Dr Paul Clayton’s Health Newsletter Autumn 2015
Vitamin D supplementation significantly increases upper and lower limb strength, a review of seven trials has found.
Previous research on vitamin D has focused on supplementation and muscle strength in frail, deficient and elderly women. This latest review – compiled by researchers at Queen Mary University of London – was the first systematic summary of the impact on muscle strength in young, healthy individuals and included data from 310 adults with an average age of between 21.5 and 31.5 years.
The seven trials, which included 67% females, lasted from four weeks to six months while dosages ranged from 4,000 international units (IU) per day to 60,000 IU per week.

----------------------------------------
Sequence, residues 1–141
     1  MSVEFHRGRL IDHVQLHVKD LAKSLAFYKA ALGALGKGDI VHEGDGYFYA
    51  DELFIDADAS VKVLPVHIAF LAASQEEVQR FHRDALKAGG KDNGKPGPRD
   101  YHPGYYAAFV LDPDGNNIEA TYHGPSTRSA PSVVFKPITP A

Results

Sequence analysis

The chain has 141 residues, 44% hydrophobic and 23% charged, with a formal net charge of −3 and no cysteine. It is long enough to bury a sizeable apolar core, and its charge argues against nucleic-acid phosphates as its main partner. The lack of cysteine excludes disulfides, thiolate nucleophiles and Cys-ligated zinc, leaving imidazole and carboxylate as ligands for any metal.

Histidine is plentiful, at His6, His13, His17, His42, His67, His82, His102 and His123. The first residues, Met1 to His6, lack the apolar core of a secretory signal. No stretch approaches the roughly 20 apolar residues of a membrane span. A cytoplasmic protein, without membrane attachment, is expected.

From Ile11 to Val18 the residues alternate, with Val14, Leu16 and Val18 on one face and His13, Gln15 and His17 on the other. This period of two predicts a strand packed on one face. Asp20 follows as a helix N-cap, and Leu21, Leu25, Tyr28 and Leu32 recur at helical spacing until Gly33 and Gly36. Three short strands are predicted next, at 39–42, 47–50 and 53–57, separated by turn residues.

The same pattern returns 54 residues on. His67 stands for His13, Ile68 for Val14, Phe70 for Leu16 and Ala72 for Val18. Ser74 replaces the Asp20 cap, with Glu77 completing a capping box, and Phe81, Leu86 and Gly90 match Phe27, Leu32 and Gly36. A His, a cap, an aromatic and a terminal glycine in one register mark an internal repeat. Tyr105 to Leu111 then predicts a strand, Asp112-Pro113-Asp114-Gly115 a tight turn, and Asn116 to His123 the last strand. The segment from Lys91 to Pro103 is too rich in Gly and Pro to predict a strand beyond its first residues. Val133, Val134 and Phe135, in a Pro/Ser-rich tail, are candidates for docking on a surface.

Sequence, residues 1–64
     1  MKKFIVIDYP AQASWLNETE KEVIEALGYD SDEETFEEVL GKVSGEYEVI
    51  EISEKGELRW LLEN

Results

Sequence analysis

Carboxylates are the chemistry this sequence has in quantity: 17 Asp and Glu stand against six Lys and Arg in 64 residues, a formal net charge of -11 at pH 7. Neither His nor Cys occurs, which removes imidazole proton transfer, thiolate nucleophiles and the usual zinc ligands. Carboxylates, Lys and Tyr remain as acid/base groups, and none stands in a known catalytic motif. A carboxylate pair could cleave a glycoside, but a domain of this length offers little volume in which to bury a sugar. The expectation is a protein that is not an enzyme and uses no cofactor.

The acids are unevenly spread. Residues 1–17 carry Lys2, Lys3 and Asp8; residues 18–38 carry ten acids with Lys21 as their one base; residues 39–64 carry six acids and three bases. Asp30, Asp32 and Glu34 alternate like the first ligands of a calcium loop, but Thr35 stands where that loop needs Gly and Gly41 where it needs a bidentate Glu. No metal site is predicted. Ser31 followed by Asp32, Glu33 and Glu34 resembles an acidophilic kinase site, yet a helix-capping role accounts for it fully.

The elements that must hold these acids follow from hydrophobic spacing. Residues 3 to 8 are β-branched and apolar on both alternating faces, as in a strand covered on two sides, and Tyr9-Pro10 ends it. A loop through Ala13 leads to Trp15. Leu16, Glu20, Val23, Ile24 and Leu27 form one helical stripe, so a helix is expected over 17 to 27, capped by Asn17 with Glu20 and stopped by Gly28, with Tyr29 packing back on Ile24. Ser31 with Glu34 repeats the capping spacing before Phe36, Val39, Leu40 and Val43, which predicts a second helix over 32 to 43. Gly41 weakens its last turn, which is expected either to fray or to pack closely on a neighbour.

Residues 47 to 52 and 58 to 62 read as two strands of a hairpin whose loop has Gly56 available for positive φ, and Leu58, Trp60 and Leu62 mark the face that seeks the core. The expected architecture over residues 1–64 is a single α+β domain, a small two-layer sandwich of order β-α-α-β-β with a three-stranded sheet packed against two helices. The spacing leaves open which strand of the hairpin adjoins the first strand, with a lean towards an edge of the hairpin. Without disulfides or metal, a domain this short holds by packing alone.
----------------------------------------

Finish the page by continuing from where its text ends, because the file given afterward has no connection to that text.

“This review has found that vitamin D3 supplementation improves upper and lower limb muscle strength in a healthy, adult, athletic and non-athletic population between the ages of 18 and 40,” the authors wrote in the Journal of Science and Medicine in Sport.
The two studies that reported the most significant results employed total dosages between 60,000 and 14,000 IU of vitamin D per week for six to four months.
That said, further research is still needed to clarify its effect on muscle power, endurance and maximum strength.
Tomlinson PB, Joseph C, Angioi M. … Vitamin D supplementation on upper and lower body muscle strength. .. Review with meta-analysis J Sci Med Sport 18, Iss 5, 575–580,doi:10.1016/j.jsams.2014.07.022